Supports for participants in residential aged care facilities


Nigel is an NDIS Participant who lives permanently in a residential aged care facility. He asks for extra funding for a support he needs. The aged care facility does not provide the support and Nigel needs it due to his disability support needs.

Would we typically fund this?

We may fund Nigel’s additional supports if they specifically relate to his disability. He needs to support his request with evidence, which we assess against the NDIS Funding Criteria to work out if the support is reasonable and necessary. Residential Aged Care facilities are expected to give NDIS participants the same supports they give to residents who do not have a disability.

Why would we fund this?

If you permanently live in a residential age care facility, you may be eligible for extra supports in addition to those that all aged care residents would normally receive. This includes supports such as additional daily living or personal care supports. You need to give us evidence from a suitably qualified therapist to explain why the level of care you get from the aged care provider doesn’t meet your disability support needs. The Aged Care provider should also give us information on the amount of support it provides so we can assess what extra support may be reasonable and necessary.

To work out whether a support is reasonable and necessary for you, we look at the information you have given us again the NDIS Funding Criteria.

What else might we fund?

We assess NDIS funding for participants living in residential age care using the same criteria as we assess participants not living in residential age care. This includes funding for disability specific supports that other aged care residents would not normally receive, such as:

  • assistive technology specific to their needs
  • behaviour intervention
  • social and community participation.

This ensures that participants who have a plan and live in residential aged care facilities have comparable levels of NDIS support as participants living in the community.

Case example

Rajni is 62 and had a stroke that severely affected his left arm and leg. If he tries to hurry through tasks or is rushed, he has uncontrollable tremors and can become upset and confused. He becomes particularly distressed and agitated when he has to bath in a shower bed. Rajni requires some level of support for all of his daily care needs.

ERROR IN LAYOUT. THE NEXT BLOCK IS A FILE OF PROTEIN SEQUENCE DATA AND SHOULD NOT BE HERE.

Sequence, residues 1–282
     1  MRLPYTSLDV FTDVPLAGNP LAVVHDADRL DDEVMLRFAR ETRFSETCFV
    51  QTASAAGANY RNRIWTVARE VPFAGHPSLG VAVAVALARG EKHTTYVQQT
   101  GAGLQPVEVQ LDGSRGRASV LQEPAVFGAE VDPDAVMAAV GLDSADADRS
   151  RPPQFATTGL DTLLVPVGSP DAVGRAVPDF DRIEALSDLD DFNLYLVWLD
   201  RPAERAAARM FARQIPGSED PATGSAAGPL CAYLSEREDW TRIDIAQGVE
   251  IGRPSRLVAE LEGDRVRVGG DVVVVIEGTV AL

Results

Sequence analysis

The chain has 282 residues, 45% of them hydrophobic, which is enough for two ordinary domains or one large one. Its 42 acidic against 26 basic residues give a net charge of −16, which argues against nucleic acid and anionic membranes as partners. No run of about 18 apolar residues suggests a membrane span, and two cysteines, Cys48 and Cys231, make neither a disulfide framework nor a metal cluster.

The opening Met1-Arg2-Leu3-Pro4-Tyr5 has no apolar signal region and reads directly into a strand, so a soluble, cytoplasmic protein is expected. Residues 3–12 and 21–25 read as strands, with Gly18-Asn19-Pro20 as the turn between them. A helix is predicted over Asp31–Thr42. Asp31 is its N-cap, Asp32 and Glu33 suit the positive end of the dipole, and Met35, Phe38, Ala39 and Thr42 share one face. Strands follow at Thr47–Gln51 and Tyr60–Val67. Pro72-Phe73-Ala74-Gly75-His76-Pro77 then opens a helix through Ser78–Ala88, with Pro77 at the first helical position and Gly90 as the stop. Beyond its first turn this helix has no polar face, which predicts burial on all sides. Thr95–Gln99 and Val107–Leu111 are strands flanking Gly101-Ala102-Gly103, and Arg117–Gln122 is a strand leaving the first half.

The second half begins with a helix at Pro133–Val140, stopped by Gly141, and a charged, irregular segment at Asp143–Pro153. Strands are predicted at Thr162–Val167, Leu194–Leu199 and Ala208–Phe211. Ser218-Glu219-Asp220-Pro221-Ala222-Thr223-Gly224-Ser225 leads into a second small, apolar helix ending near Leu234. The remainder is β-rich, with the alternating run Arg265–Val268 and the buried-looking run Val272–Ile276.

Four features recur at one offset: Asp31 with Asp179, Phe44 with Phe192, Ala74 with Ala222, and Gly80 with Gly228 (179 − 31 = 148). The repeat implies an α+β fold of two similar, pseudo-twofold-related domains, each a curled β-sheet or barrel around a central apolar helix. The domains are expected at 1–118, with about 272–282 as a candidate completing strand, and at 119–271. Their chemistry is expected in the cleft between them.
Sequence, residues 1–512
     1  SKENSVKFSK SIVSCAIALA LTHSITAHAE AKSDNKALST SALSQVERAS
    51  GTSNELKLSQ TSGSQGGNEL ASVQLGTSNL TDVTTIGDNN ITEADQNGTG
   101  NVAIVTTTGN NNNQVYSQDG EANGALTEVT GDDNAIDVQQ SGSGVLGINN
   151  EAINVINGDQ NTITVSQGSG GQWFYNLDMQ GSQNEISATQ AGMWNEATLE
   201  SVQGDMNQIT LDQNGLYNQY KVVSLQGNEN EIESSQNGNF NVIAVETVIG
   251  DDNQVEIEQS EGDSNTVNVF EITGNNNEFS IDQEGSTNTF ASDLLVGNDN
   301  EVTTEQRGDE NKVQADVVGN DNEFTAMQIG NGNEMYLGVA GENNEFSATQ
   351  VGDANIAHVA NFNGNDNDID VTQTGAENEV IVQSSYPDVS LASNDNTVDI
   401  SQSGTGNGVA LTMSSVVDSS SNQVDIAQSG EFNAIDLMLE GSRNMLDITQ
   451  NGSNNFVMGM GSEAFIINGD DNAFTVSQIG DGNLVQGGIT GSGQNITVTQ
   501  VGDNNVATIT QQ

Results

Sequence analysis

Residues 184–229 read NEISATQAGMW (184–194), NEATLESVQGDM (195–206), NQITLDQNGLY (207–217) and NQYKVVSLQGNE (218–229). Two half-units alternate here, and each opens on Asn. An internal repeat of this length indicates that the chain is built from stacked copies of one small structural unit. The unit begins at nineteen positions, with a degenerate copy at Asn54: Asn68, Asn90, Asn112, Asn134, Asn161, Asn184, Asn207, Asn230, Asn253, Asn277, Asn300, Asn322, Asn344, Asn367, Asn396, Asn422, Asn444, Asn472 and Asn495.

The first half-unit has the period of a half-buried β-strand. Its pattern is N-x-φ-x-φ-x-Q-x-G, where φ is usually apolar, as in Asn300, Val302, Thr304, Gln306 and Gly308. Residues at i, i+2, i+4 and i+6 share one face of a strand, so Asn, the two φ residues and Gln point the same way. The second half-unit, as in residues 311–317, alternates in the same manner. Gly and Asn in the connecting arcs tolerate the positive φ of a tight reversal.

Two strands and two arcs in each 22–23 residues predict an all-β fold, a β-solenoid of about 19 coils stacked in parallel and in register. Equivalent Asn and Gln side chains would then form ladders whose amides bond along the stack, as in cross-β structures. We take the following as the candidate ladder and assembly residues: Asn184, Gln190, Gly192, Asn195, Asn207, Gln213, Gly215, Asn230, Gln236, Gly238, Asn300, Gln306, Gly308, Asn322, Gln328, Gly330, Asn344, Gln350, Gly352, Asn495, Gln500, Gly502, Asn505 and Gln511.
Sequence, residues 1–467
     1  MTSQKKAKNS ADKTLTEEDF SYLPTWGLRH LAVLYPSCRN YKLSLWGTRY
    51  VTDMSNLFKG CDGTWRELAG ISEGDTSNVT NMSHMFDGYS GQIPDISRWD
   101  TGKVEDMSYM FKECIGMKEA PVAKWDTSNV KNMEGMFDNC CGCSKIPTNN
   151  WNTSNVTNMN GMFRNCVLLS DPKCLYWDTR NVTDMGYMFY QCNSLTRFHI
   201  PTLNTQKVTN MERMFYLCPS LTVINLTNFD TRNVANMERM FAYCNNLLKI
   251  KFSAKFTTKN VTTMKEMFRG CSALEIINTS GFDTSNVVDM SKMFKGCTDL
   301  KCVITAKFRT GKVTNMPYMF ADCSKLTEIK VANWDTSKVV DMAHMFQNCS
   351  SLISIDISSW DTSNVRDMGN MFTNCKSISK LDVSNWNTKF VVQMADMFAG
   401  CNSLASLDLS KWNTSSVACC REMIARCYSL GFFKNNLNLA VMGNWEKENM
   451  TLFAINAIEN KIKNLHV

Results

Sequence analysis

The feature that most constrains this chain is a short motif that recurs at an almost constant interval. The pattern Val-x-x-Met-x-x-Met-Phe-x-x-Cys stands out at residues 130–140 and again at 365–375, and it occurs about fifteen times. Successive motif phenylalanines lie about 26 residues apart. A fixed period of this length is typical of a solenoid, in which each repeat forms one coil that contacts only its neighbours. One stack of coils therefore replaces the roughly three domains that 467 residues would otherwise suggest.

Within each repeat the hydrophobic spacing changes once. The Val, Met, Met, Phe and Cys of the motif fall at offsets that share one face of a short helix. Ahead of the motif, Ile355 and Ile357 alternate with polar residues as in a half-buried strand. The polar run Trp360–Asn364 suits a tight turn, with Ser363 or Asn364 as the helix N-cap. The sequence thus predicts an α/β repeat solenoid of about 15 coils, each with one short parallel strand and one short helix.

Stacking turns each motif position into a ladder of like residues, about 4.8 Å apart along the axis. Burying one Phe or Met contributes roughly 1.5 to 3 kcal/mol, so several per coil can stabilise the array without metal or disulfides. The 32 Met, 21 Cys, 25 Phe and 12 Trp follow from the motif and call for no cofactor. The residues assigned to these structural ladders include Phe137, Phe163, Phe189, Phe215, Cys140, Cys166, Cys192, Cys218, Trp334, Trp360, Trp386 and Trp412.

Rajni’s therapist recommends he receive funding for behavioural support to ensure proper measures are in place to reduce his distress. The therapist also recommends we provide Rajni with customised equipment so he can feed and shower himself without risk of injury to himself or others.

Rajni’s nominee sends the therapist report to us, requesting funds to:

  • cover the cost of his behavioural support program
  • modify his room so he can feed and shower himself.

When working out whether the funding for Rajni’s supports are reasonable and necessary, his planner looks at the information provided against the NDIS Funding Criteria. The planner considers whether:

  • Rajni needs the supports solely and directly as a result of his disability needs
  • behavioural therapy will be, or is likely to be, effective and beneficial for Rajni with regard to current good practice
  • the cost of the modifications are value for money when compared with other supports available to Rajni for day-to-day living
  • it’s more appropriate for other general systems of support to fund the support. 

In Rajni’s case, the planner decides that:

  • he needs the supports solely and directly as a result of his disability needs, for his mental confusion, behavioural impacts and functional impairment of his left arm and leg
  • behavioural therapy will be, or is likely to be effective and beneficial in helping Rajni manage his mental confusion and behavioural issues, and it is the responsibility of the NDIS to fund these reasonable and necessary supports
  • shower modifications will be, or are likely to be, effective and beneficial for Rajni as they will increase his independence and they represent good value for money as they will be of long-term benefit
  • the modification to allow Rajni to feed himself without a care worker is a support that all age care residents would normally receive, that we already fund the through the cross-billing arrangements with Department of Health.

The planner concludes the:

  • behavioural therapy and shower modifications are reasonable and necessary and we approve funding
  • modifications so Rajni can feed himself are not reasonable and necessary, we decline extra funding for the support we already fund the through the cross-billing arrangements with Department of Health.

For more information, refer to:

This page current as of
20 April 2021
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